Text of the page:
Feminism Fallout: Has Our Ascension Made for Less Manly Men?
Don’t we just love to romanticize the old days? I mean, just look at today’s hit shows: for instance, think of Mad Men and the very far second best and now defunct Pan Am. The women are presented to us so dainty, well-coiffed, demure and oh-so-subtly Hot; the men, Ken doll handsome, large and in charge, playboys, but with a heart of gold. Look beneath the nostalgia and you’ll find those seemingly perfect women drinking themselves down a bottle of wine alone at home, or claustrophobic from the confines of her station at work, while the husbands (at least the successful ones) have three-hour lunches laced with Smirnoff Premium Vodka. When they finally stagger home after feeling up (and possibly boinking) the secretary, they pat their children on the head, and then maybe pound the wife in the head.
So make no mistake; I hold no illusions about what used to be when I say that, while I cheer for the accomplishments of women, a little part of me mourns the death of the well-chiseled man–remember him? The one who’d slay dragons for the princess; the guy who held the door and threw his raincoat over a puddle so your feet would stay dry, the dude who would rather swallow his own tongue before he asked, “Can we go half?” on a first date, which he initiated.
Le sigh. In an attempt to get men to “get in touch with their feminine side,” many have languished there a bit too long, and now we’re switching roles like never before: more women are enrolled in universities than men. Boys are dropping out of high school like flies in a room full of Raid. Innumerable awkward pauses fill the air as women and men struggle for who should open the door to building these days, while some men don’t even bother. Seats aren’t offered, and more women are starting to propose to men. Men now get manicures and pedicures, and some even get their eyebrows threaded.
Women–not just black women–are bemoaning the lack of good, marriageable men who want to settle into the husband and daddy roles, but with no more societal pressure to commit, why would they bother? One psychologist and author squarely blames the Women’s Liberation Movement on the reason for all the namby-pamby man-children more Madames encounter these days.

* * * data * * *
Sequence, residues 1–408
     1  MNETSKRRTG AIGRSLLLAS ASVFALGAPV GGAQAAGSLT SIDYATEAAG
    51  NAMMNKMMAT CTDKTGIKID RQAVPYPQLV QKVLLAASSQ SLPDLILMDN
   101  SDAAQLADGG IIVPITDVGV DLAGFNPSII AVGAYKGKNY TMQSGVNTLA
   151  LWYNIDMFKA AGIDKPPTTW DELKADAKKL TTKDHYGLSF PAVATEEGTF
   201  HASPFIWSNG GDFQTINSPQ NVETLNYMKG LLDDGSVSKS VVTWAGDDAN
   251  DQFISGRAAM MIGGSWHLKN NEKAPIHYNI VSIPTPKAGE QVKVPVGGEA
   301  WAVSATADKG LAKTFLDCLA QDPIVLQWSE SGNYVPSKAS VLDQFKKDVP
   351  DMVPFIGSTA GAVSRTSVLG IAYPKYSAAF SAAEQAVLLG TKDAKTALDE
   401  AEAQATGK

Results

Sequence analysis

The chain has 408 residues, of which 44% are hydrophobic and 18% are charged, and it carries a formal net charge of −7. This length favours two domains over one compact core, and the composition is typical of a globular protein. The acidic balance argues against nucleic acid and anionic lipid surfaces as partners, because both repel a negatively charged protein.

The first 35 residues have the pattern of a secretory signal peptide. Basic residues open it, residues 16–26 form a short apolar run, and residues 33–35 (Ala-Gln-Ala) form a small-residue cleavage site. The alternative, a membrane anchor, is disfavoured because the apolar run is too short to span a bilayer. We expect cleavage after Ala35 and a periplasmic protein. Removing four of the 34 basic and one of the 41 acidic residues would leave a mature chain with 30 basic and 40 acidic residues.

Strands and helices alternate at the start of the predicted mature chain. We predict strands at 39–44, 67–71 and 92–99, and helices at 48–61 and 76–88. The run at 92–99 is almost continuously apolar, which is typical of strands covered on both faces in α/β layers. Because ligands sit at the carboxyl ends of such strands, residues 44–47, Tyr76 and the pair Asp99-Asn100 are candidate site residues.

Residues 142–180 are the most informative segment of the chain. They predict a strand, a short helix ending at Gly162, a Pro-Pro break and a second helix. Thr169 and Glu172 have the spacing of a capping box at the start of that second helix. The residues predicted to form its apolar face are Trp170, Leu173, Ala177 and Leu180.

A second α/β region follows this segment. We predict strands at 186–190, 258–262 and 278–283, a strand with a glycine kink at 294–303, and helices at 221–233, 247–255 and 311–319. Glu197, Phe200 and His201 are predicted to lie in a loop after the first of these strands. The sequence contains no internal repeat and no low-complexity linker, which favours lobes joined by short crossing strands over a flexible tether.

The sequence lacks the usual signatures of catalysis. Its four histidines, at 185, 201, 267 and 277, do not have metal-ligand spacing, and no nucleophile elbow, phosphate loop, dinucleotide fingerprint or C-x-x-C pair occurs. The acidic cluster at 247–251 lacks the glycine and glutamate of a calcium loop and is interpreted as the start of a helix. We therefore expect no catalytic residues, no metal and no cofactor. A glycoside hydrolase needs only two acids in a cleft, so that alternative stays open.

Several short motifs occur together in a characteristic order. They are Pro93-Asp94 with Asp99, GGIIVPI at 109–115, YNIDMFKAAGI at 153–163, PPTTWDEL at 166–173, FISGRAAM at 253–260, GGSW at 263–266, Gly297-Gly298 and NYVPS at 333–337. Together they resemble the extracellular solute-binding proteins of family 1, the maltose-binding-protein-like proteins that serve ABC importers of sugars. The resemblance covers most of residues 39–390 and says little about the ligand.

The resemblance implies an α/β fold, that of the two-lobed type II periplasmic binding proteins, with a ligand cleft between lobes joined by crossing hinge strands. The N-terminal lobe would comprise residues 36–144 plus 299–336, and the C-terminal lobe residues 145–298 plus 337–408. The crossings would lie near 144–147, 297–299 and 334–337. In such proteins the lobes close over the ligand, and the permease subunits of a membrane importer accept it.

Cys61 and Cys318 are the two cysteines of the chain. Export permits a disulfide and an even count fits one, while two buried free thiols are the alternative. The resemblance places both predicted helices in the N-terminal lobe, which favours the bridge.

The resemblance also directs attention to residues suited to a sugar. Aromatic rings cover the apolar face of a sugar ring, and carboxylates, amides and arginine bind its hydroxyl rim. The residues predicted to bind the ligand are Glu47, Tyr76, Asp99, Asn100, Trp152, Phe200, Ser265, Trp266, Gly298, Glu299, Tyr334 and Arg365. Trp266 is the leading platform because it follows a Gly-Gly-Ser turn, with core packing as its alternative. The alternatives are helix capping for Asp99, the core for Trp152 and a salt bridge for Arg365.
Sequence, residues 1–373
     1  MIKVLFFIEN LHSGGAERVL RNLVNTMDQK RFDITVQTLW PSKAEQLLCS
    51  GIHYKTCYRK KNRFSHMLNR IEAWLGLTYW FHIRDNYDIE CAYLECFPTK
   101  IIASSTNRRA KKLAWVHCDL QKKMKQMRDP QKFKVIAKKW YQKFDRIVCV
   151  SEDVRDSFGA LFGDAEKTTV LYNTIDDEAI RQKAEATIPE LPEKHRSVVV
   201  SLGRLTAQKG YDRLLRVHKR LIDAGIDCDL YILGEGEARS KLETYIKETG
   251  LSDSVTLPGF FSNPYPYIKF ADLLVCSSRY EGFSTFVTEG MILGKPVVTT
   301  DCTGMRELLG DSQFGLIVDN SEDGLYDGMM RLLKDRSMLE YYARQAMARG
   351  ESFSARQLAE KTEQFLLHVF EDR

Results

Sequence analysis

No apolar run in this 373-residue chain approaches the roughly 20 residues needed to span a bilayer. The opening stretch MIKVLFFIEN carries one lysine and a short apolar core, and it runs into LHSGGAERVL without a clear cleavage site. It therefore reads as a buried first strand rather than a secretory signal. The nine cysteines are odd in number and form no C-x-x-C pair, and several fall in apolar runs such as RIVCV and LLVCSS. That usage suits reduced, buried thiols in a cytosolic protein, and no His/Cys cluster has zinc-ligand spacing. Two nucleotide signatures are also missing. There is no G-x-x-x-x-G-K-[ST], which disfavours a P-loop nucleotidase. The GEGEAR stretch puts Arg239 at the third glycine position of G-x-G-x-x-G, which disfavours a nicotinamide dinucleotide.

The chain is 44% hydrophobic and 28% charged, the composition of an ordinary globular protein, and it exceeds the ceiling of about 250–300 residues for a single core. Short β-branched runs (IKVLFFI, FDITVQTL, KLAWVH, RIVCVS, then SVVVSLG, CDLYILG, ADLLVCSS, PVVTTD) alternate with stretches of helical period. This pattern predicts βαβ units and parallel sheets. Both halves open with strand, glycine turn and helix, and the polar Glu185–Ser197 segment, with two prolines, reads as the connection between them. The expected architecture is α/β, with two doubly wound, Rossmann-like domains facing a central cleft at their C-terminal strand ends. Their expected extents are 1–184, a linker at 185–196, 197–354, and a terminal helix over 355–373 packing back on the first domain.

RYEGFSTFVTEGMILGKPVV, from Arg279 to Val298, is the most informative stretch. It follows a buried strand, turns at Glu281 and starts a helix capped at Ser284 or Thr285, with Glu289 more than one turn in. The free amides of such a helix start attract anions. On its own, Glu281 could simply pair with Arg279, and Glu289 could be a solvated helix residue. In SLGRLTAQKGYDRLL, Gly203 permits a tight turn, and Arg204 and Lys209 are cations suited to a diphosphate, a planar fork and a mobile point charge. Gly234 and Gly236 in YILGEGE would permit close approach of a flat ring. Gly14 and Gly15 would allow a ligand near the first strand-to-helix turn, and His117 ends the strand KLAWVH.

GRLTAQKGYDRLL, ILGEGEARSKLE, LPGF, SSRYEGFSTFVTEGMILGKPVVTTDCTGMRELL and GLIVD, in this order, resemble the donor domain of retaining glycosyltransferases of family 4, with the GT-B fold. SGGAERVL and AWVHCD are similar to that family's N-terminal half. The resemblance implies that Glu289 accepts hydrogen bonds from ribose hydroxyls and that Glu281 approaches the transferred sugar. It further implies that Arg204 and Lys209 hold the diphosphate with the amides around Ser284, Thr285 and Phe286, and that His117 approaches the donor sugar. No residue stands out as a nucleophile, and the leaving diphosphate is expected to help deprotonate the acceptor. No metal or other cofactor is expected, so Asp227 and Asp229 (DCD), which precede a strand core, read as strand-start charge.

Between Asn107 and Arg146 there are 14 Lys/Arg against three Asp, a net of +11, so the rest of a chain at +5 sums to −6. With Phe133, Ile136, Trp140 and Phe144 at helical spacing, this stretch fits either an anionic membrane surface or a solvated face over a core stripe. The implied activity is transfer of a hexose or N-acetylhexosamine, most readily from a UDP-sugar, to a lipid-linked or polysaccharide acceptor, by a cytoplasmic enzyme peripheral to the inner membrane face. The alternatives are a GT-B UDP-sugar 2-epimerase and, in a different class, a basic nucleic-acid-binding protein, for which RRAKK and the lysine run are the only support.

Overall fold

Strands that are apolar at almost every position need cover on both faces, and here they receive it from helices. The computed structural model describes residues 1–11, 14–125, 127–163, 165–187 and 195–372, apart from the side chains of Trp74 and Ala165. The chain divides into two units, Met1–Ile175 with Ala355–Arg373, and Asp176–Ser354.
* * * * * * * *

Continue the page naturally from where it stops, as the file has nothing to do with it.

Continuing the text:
“In other words, the very changes that helped to bring men and women closer together are simultaneously tearing them apart,” says Steven Carter in his book, Men Who Can’t Love: How to Recognize a Commitmentphobic Man Before He Breaks Your Heart.
How on earth could this be? I mean, why would a woman’s ability to leave the kitchen and secretary pool to become head chef and the CEO be cause for men to be so squeamish? “Back in the ‘good old days’ it was bad form for a young man to remain single for too long. With some exceptions, the bachelor’s lifestyle was not a coveted one,” Carter says. Nowadays, it’s the preferred way of doing things.
Carter argues that the Women’s Liberation Movement, the sexual revolution, and all the non-committal sex that goes along with that has had some unintended consequences, because 40 years ago, “the louder the body screamed for fulfillment, the more one found oneself being propelled down the only legitimate road that would silence those screams.”
Bottom line: less has been expected from men, while more has been expected from women. Marry for sex, work three jobs, open a door, pay for a date, or throw their rain coats over puddles. And this is becoming more what more women are doing these days, not men (aside from the ladder of course, can’t mess up a good raincoat).
Ah…it would be so much easier if we ladies could have our cake and eat it…
Christelyn D. Karazin is the co-author of “Swirling: How to Date, Mate and Relate Mixing Race, Culture and Creed” (to be released April 2012), and runs a blog, www.beyondblackwhite.com, dedicated to women of color who are interested and or involved in interracial and intercultural relationships. She is also the founder and organizer of “No Wedding, No Womb,” an initiative to find solutions to the 72 percent out-of-wedlock rate in the black community.
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